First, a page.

Monday, January 11, 2010

million dollar smile

September 2008

Sierra's first day with braces

January 2010

Sierra got her braces off today. She can't stop smiling

Saturday, January 9, 2010

I'm a little bit slow...

This was my first time at JCW's. We went there with my mom and my sister's cute family on New Years Day. Nothing like starting out the new year with good healthy meal. I don't know why I had my camera with me, but here are some cute pic's from our happy day...

Don't you just love how Cole has a hunk of chicken in his hand?
The girls
Cole, Grandma Nan, Rick

BTW, Rick and I shared a burger since we're eating so healthy and all...
I still don't think Tony would be happy.

Friday, January 8, 2010

Another Book:

The Hunger Games:
I just finished this book last night. It was recommended by a bunch of different people whose opinion on books I highly trust. If it had not been for so many strong recommendations, I am certain that I would not have continued reading this book after the first couple of chapters. It was at that point, however, that I was hooked and could not put the book down.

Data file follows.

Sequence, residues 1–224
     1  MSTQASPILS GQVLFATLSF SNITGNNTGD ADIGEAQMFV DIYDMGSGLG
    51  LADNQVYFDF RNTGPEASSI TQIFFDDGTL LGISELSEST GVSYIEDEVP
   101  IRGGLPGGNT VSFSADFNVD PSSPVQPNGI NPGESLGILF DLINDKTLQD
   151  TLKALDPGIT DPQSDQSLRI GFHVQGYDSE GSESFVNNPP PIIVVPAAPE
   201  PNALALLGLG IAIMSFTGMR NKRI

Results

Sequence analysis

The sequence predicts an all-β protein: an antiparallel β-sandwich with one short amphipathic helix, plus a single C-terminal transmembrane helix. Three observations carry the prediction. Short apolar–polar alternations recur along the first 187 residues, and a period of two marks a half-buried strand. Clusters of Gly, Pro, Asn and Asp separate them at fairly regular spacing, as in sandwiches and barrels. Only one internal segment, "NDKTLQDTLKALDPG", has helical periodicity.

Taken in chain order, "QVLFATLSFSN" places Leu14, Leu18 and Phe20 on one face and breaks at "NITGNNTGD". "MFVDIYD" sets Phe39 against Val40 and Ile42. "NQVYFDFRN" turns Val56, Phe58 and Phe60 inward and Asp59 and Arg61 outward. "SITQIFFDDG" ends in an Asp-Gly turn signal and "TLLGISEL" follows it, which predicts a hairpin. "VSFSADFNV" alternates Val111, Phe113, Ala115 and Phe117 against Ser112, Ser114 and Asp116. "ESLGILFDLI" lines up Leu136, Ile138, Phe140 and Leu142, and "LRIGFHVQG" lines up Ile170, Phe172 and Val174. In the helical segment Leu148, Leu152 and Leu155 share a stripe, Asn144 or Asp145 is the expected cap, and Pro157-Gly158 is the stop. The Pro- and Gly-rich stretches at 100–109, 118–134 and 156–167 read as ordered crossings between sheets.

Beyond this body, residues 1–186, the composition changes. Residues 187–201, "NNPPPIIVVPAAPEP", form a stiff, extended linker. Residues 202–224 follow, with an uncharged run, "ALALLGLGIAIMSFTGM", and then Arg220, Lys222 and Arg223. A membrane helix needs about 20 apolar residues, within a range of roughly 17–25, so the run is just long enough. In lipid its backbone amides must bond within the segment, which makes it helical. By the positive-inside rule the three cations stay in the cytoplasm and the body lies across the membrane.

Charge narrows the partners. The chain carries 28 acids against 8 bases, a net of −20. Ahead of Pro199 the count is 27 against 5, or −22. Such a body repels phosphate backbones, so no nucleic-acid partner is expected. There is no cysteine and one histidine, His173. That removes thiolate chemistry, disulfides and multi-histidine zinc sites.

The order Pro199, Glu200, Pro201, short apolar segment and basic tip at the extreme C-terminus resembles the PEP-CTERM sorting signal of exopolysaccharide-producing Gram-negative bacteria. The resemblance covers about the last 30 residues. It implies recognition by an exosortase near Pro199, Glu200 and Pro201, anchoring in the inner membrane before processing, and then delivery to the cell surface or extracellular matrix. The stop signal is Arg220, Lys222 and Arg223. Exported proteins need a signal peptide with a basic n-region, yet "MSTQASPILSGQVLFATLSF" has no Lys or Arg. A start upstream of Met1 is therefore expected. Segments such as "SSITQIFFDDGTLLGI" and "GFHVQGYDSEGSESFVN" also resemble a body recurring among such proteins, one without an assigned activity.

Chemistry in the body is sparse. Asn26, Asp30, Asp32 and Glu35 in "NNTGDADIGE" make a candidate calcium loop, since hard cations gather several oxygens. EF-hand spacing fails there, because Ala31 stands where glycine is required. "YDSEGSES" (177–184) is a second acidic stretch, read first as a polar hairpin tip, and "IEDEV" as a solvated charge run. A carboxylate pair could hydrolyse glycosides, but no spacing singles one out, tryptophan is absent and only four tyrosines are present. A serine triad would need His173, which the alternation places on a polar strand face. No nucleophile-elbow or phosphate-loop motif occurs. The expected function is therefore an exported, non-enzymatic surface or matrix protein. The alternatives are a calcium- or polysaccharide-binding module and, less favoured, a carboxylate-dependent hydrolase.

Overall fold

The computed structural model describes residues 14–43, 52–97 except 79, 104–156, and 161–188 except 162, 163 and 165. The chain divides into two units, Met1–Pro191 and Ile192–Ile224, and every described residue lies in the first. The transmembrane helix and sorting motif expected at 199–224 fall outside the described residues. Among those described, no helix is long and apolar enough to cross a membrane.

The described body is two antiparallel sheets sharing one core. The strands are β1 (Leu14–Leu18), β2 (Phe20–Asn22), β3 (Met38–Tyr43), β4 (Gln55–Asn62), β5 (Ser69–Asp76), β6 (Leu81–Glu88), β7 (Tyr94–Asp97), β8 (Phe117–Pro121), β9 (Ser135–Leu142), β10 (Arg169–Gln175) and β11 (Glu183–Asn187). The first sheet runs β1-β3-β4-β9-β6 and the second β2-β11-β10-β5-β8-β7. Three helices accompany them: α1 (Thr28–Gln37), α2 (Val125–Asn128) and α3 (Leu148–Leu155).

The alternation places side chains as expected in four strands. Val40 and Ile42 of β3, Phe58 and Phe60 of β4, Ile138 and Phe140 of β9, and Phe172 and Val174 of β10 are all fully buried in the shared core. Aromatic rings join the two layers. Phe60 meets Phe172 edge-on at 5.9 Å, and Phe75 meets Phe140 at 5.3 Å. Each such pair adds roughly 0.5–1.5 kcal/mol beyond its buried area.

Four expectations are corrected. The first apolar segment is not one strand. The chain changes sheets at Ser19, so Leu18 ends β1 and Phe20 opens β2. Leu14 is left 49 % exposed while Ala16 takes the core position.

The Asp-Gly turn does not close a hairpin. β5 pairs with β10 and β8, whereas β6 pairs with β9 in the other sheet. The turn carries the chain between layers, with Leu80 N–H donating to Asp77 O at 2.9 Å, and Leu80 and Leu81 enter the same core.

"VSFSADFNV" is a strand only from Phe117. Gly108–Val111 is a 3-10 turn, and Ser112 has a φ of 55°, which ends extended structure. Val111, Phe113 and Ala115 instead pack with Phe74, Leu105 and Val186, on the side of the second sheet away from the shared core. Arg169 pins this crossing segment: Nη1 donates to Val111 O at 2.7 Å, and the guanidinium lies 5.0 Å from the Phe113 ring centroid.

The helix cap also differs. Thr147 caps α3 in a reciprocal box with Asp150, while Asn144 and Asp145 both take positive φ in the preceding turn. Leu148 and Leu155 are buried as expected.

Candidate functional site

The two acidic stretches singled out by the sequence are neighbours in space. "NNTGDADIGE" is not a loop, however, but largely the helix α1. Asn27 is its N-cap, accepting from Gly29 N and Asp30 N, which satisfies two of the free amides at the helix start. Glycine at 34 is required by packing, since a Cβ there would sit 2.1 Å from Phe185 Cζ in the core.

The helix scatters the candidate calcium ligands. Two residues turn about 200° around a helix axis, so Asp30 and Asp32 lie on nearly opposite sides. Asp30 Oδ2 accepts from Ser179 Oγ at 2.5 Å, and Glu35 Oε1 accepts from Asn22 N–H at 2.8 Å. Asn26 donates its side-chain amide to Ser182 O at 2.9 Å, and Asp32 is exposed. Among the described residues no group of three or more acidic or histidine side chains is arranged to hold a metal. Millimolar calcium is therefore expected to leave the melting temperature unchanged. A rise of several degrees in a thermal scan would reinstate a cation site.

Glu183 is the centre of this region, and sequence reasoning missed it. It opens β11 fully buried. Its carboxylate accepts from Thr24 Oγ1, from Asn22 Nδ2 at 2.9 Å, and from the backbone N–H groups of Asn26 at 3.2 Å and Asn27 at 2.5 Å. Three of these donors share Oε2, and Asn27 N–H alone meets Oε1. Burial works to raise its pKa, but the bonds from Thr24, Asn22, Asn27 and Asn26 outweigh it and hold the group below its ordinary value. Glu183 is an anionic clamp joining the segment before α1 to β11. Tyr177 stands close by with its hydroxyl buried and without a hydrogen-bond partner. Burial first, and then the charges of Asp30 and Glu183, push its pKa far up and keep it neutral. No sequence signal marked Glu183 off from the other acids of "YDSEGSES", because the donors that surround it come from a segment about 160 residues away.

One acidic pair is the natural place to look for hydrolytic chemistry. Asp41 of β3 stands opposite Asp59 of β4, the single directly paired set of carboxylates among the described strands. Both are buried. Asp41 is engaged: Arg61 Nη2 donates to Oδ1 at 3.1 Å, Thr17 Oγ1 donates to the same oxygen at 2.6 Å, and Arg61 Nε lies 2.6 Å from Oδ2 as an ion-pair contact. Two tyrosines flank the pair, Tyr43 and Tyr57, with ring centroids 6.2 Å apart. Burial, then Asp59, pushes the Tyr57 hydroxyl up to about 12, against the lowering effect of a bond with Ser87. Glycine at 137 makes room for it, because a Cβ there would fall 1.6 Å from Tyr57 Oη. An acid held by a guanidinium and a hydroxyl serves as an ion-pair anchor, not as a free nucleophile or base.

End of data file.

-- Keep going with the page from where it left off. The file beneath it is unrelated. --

Does anyone have a copy of the second book that I can borrow?
Also looking for a copy of Wicked Lovely.

Saturday, January 2, 2010

Book Review: The Help by Kathryn Stockett

I just finished this book last night. I LOVED it.
The Help by Kathryn Stockett: Book Cover
This is the Summary from the Barnes and Noble Website: